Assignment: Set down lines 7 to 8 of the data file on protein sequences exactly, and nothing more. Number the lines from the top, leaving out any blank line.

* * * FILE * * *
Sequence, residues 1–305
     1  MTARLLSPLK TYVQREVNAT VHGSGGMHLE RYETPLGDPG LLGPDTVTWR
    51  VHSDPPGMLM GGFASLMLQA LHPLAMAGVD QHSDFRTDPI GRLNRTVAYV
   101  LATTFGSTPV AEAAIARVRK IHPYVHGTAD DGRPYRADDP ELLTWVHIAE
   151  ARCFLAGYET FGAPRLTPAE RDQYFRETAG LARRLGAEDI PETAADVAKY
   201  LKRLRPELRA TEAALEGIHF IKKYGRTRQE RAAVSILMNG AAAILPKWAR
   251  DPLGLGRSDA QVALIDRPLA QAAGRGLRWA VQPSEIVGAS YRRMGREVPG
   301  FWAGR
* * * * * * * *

   251  DPLGLGRSDA QVALIDRPLA QAAGRGLRWA VQPSEIVGAS YRRMGREVPG
   301  FWAGR